Brain Structure and Function

, Volume 220, Issue 3, pp 1573–1584 | Cite as

Defective response inhibition and collicular noradrenaline enrichment in mice with duplicated retinotopic map in the superior colliculus

  • Chantal Mathis
  • Elise Savier
  • Jean-Bastien Bott
  • Daniel Clesse
  • Nicholas Bevins
  • Dominique Sage-Ciocca
  • Karin Geiger
  • Anaïs Gillet
  • Alexis Laux-Biehlmann
  • Yannick Goumon
  • Adrien Lacaud
  • Vincent Lelièvre
  • Christian Kelche
  • Jean-Christophe Cassel
  • Frank W. Pfrieger
  • Michael ReberEmail author
Open Access
Original Article


The superior colliculus is a hub for multisensory integration necessary for visuo-spatial orientation, control of gaze movements and attention. The multiple functions of the superior colliculus have prompted hypotheses about its involvement in neuropsychiatric conditions, but to date, this topic has not been addressed experimentally. We describe experiments on genetically modified mice, the Isl2-EphA3 knock-in line, that show a well-characterized duplication of the retino-collicular and cortico-collicular axonal projections leading to hyperstimulation of the superior colliculus. To explore the functional impact of collicular hyperstimulation, we compared the performance of homozygous knock-in, heterozygous knock-in and wild-type mice in several behavioral tasks requiring collicular activity. The light/dark box test and Go/No-Go conditioning task revealed that homozygous mutant mice exhibit defective response inhibition, a form of impulsivity. This defect was specific to attention as other tests showed no differences in visually driven behavior, motivation, visuo-spatial learning and sensorimotor abilities among the different groups of mice. Monoamine quantification and gene expression profiling demonstrated a specific enrichment of noradrenaline only in the superficial layers of the superior colliculus of Isl2-EphA3 knock-in mice, where the retinotopy is duplicated, whereas transcript levels of receptors, transporters and metabolic enzymes of the monoaminergic pathway were not affected. We demonstrate that the defect in response inhibition is a consequence of noradrenaline imbalance in the superficial layers of the superior colliculus caused by retinotopic map duplication. Our results suggest that structural abnormalities in the superior colliculus can cause defective response inhibition, a key feature of attention-deficit disorders.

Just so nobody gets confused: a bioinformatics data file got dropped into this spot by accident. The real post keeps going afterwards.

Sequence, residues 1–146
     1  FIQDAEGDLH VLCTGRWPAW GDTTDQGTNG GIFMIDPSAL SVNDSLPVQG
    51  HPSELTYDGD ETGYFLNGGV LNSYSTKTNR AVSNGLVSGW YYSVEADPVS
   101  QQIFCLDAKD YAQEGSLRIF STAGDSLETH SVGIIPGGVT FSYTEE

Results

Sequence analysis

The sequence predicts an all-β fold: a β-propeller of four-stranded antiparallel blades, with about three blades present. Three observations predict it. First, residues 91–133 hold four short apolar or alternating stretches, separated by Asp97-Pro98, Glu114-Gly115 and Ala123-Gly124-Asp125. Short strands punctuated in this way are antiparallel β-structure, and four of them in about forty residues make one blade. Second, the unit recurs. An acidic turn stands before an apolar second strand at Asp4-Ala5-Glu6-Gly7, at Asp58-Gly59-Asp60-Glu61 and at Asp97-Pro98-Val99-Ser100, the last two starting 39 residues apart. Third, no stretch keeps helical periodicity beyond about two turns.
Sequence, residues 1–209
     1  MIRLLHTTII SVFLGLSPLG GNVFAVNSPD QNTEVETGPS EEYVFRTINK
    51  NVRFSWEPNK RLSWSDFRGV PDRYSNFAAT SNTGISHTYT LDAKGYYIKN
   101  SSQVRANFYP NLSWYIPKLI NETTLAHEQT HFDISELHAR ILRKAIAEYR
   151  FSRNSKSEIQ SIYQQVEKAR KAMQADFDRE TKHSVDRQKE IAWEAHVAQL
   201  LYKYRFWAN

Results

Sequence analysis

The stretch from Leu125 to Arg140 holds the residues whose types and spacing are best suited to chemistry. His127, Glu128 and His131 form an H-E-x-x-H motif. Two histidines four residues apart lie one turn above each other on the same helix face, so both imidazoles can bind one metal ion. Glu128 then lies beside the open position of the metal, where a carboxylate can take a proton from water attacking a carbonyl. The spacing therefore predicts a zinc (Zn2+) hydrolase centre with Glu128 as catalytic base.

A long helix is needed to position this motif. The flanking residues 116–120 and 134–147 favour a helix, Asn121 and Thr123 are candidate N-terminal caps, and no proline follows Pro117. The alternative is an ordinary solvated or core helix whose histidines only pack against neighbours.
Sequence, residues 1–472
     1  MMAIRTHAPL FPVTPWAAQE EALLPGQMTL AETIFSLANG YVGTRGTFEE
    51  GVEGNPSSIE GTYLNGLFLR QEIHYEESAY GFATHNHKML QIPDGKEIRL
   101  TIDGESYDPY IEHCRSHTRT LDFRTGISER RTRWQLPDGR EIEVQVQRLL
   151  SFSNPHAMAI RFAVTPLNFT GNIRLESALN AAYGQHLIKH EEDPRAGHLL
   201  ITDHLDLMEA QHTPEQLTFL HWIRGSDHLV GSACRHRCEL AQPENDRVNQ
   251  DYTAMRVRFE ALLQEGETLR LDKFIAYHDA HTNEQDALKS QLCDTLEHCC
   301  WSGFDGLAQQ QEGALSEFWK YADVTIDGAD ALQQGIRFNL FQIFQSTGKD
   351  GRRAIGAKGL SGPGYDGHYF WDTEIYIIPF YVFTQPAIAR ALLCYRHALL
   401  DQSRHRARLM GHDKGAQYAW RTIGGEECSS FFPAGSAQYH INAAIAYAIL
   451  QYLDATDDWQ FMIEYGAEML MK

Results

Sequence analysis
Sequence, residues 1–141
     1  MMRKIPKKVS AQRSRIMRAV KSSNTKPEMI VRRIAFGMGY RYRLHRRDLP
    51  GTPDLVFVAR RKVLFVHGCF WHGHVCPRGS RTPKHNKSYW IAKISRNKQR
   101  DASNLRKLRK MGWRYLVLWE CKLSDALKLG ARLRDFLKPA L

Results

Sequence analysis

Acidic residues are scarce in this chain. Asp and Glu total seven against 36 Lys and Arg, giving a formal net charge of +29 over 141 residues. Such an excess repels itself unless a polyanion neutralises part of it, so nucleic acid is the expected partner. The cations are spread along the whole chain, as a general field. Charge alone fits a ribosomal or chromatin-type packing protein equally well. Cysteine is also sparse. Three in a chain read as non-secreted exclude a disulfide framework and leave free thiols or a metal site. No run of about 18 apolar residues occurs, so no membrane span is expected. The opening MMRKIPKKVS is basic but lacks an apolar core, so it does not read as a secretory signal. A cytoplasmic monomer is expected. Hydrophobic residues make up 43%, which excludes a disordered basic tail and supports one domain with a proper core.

Retinotopy Visual system EphA signaling Superior colliculus Noradrenaline Response inhibition Attention-deficit disorders 


The superior colliculus (SC) is a midbrain structure that integrates sensory inputs from multiple modalities (Wallace et al. 1993; Holmes and Spence 2005; May 2006) and plays a central role in visuo-spatial orientation, attention and sensorimotor processing (Stein 1984; May 2006; Gandhi and Katnani 2011). Defects in SC function have been associated with a number of neuropathological and neuropsychiatric disorders including epilepsy (Ross and Coleman 2000), schizophrenia (Fuentes 2001) and autism spectrum disorder (ASD) (Kleinhans et al. 2011). Recently, collicular hyperstimulation has been proposed to underlie attention-deficit/hyperactivity disorder (ADHD) symptoms, especially the impulsivity and distractibility associated with the disorder (Overton 2008; Miller 2009; Dommett et al. 2009). However, direct experimental evidence for such a link remains elusive.